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Behavior and Daily Routines: Your 13-Year-Old Teen

Goals to Strive for and Behaviors Parents Can Expect

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Updated June 11, 2014

Written or reviewed by a board-certified physician. See About.com's Medical Review Board.

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Quick Links: Your 13-Year-Old Teen

Teen Behavior and Daily Routines: 14-Year-Old Teen | 15-Year-Old Teen | 16-Year-Old Teen | 17-Year-Old Teen | 18-Year-Old Teen

Thirteen-year-old teens are finishing up one phase of life - leaving childhood behind - and entering another one - becoming a teen. This is the basis for their daily behaviors and issues. When parents keep this in mind, it becomes easier to deal with the changes in their "normal behavior."

Teen Wellness Issue: Diet and Nutrition

Your 13-year-old is going to want to decide for herself whether she wants to eat something or not. As with many things related to teenagers, food is about a teen's choices, not their diets and wellness. They want to have a say. This is often the reason behind a picky eater. Once you begin to give your 13-year-old child the leeway to make those decisions, you may see them starting to try things they have never eaten before.

A key aspect to getting teens to eat better is in the choices you offer them - not in choosing for them. Keep your kitchen stocked with healthy snacks like fruit salads or trail mixes that contain nuts and whole grains. Pay attention to what healthy snacks they enjoy and keep them stocked.

Teen Wellness Issue: Sleep

Most 13-year-old teens are not so much concerned about sleeping as they are about having a "bedtime" rule. They feel that having a certain time in which they are told to go to bed is childish, and they are no longer a child. They are a teenager, almost in high school, and no one in high school has a bedtime, according to the world of a 13-year-old teen.

This is understandable and probably one of the first ways you will see your child stretch his independence muscles. Talk to them about the entire family's routine and then compromise on a bedtime that fits into that schedule.

Teen Wellness Issue: Exercise and Fitness

It is very important for the 13-year-old to get into an exercise and fitness habit. Studies have shown that the more teenagers exercise, the more likely they will carry that good habit into adulthood. This is true of every teen - not just athletic kids.

Parents often feel that if their kids are in sports at school, they are getting the exercise they need. Finding a sport your child likes and is good for them - physically and for their self-esteem - is important. But organized sports last only one season and don't really help your teen maintain a healthy fitness habit. The federal government and the American Academy of Pediatrics recommend that adolescents get 60 minutes of moderate to vigorous exercise most days - preferably daily.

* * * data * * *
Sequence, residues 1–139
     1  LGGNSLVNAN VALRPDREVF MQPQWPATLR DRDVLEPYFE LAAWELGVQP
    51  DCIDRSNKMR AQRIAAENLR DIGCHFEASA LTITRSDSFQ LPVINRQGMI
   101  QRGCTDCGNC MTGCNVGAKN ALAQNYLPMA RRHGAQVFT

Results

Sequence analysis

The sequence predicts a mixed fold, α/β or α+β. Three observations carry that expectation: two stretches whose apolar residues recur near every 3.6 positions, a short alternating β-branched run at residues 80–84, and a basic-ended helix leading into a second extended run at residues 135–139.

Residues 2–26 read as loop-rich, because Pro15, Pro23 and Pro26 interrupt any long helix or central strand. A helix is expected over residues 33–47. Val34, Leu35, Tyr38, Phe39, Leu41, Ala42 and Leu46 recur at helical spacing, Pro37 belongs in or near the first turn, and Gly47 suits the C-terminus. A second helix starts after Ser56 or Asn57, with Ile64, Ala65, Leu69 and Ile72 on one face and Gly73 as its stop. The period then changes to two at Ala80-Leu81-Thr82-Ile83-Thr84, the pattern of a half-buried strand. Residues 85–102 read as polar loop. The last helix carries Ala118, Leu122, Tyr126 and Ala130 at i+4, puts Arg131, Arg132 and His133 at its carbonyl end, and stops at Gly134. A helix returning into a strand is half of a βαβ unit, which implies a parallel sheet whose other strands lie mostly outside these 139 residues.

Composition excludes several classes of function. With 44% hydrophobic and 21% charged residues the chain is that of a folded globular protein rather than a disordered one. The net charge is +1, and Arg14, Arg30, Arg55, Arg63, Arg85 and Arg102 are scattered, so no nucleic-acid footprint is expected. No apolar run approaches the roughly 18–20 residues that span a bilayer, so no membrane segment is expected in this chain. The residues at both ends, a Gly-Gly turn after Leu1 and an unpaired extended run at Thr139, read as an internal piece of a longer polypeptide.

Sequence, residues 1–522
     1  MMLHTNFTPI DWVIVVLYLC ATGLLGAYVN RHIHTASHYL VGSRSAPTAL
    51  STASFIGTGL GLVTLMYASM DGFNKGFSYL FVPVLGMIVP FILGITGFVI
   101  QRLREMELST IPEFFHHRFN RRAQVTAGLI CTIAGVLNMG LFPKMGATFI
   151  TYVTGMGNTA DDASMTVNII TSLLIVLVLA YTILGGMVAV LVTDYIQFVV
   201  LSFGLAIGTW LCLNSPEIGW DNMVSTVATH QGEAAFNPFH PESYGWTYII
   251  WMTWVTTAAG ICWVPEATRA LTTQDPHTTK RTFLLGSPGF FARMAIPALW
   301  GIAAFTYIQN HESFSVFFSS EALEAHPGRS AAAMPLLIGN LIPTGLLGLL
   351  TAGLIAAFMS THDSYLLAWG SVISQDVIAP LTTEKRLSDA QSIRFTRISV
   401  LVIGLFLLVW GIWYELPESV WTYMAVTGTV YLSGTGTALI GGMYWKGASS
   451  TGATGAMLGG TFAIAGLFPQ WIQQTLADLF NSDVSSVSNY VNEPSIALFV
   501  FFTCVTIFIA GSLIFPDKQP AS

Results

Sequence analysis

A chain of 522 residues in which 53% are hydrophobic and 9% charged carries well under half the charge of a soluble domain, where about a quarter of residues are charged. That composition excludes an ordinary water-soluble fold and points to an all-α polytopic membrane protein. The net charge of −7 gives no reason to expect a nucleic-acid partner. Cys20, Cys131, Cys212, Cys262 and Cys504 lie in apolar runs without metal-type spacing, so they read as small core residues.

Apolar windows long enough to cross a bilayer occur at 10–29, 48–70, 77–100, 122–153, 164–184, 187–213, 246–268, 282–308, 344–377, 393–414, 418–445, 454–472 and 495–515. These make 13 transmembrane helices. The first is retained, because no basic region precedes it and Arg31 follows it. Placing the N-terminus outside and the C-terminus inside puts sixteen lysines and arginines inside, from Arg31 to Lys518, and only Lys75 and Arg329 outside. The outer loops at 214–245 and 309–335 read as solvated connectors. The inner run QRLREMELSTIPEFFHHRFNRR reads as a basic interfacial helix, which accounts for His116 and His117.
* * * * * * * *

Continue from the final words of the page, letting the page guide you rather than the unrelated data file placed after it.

Thirteen-year-old teens are a bit clumsy because of their growing bodies. This may lead to one or two accidents when they are playing games or doing fitness exercises. Keep a well-stocked first-aid kit in your home and car. You may also want to carry your medical insurance card and their Social Security number when you go to their games, just in case.

Teen Wellness Issue: Stress

As they enter adolescence, your 13-year-old may worry about "being normal." They are dealing with their changing bodies. All of this will cause some stress. This stage provides a teachable moment: You can help your child learn how to relax by using healthy activities like exercise, listening to uplifting music or escaping into a good book.

Behaviors, Responsibilities and Discipline

Because your 13-year-old has been slowly developing independent responsibilities for a few years and is looking for more privileges, now is a good time to stretch their capabilities by being able to take on complicated responsibilities without much help - if any - from adults. At this age, your teenager is able to care of younger siblings on their own. They can strip the bed sheets off and remake the bed. They can do dishes. So, when your 13-year-old asks for a new freedom, attach a new responsibility so they can learn how to earn their privileges.

Discipline techniques for your child should begin to change as well. You will need to be sure you are very clear with your messages. Talk with your teen and follow through when she does something wrong. If you feel this is going to be an issue, get some help by using these parenting contracts.

Teen Behavior and Daily Routines: 14-Year-Old Teen | 15-Year-Old Teen | 16-Year-Old Teen | 17-Year-Old Teen | 18-Year-Old Teen

Quick Links: Your 13-Year-Old Teen

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